From politicians to bakers, Mursi battles with many

Despite the huge optimism that reigned after Mubarak’s regime was toppled, it is not expected for the first Egyptian president who came after the former regime to rule in peace, even though he was quickly elected and even though all his opponents were satisfied with him.

It is impossible for Mursi to bear all these terrible pressures and confront all these problems, whether new ones or inherited ones, without cooperating with all parties

Abdulrahman al-Rashed

It seems that President Mursi’s journey has been rougher than he had estimated. Some of the obstructions were caused by his rivals but most of them were caused by him. The number of his rivals increased with time to include people from all areas, from Cairo to Suez as well as segments: politicians, activists, media, security and military figures, youths from the revolution, liberals, Copts, academics and even Islamists, sports fans and bakers.

How can any president run a state amid these mass complaints and confrontations?

Unraveling the crisis

The president and his group picture the crisis as one caused by individuals from the old regime and that part of it is caused by foreign parties. Perhaps some of this is true. But it is obvious that most of the crisis is the result of his policies that eliminated all other powers. Mursi worked at a fast pace aiming to impose his decisions despite his inability to understand the legal and bureaucratic rules of the state. He rushed so he had his MPs write the constitution without considering the rest of the country. Thus he unleashed the gates of hell upon himself. He insisted to set a date for the parliamentary elections without caring about administrative and legislative procedure, so the court intervened against him. He thus retreated and became willing to hold the elections in next October - that is after he had rejected to wait half of that period. He had also sacked the attorney general and assigned another of his own choice, ignoring legal procedure. He did this although the attorney general post is a very critical judicial one, it is a post which can be used to chase and eliminate Mursi’s rivals if appointed with a Mursi supporter. The court ordered Mursi to reverse his decisions and commit to the law. However, he has not only failed with judges and politicians, he has also placed himself in big trouble with bakers! He wanted to control the price of bread so he targeted bakeries. He wanted to display his strength to football fans during the Port Said trail and he ended up being part of the confrontation. Clashes during a Port Said game killed 71. Afterwards, the court served a ruling of execution for 21 people from among the supporters of the Port Said club. The city’s residents were outraged and as a result 30 more were killed in new confrontations.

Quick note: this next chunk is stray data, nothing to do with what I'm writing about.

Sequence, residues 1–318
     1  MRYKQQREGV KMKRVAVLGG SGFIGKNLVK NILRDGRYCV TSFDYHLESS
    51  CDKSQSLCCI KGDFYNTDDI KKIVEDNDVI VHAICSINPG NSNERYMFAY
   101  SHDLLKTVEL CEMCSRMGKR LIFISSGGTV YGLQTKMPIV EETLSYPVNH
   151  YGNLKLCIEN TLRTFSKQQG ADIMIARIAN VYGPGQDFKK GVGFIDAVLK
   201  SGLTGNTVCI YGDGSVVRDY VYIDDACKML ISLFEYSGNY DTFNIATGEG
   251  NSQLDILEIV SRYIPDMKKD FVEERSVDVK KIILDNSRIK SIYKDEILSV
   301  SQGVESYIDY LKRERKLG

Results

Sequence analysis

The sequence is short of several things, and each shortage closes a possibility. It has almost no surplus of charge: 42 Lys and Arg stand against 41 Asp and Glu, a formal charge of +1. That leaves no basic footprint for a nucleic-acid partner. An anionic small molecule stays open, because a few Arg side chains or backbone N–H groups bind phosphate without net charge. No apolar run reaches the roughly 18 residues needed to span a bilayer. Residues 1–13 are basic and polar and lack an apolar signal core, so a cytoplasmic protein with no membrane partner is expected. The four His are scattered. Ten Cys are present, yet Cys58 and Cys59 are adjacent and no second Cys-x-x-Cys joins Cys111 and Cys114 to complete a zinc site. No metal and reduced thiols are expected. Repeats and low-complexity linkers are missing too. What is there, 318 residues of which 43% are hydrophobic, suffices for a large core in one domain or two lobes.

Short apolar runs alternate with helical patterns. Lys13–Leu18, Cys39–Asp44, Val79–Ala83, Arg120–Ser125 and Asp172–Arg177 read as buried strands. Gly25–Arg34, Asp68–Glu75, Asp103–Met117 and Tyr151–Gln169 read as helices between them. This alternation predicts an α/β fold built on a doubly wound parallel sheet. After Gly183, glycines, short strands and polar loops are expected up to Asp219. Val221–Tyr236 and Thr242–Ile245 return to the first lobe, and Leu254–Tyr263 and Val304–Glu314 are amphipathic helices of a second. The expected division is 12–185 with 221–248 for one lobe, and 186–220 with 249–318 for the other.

Where did Mursi go wrong, especially when he had nothing to do with some incidents?

Cooperation is key

When Barack Obama became U.S. president, the country was witnessing a serious economic crisis. It was the new president’s right to manage the crisis as he saw appropriate but he estimated that the situation was very serious so he decided to involve his rivals from the Republican Party in the work of parliamentary and presidential committees. So he overcame the country’s dangerous crisis by cooperating with the losing party.

Mursi does not have to cooperate with his rivals. But Egypt is going through a serious phase that requires cooperation among all governance partners. It is impossible for Mursi to bear all these terrible pressures and confront all these problems, whether new ones or inherited ones, without cooperating with all parties and without reassuring them that they are part of the transitional phase from Mubarak’s regime towards a new regime. His rivals are the means towards salvation amid a phase of conflicting parties, causes and requests which are impossible for him to confront alone no matter how legitimate he is and no matter what his capabilities are.

The ruling party in Egypt seems arrogant. It deals with its rivals with an air of superiority and it thinks it has the right to absolute power. It even desires to dominate the authorities that, in the democratic system, do not fall under its power and are considered independent authorities like the parliamentary assemblies, the judiciary and the media. In the end, it will fail. And after that it will seek its rivals’ help. In this case, no one will be able to save the party which is drowning in crises. Why is Mursi leading his governance, party and followers down this rough road when he is not obliged to?


This article was first published in Asharq al-Awsat on April 2, 2013.


Abdulrahman al-Rashed is the General Manager of Al Arabiya News Channel. A veteran and internationally acclaimed journalist, he is a former editor-in-chief of the London-based leading Arab daily Asharq al-Awsat, where he still regularly writes a political column. He has also served as the editor of Asharq al-Awsat’s sister publication, al-Majalla. Throughout his career, Rashed has interviewed several world leaders, with his articles garnering worldwide recognition, and he has successfully led Al Arabiya to the highly regarded, thriving and influential position it is in today.

Last Update: Tuesday, 02 April 2013 KSA 15:51 - GMT 12:51
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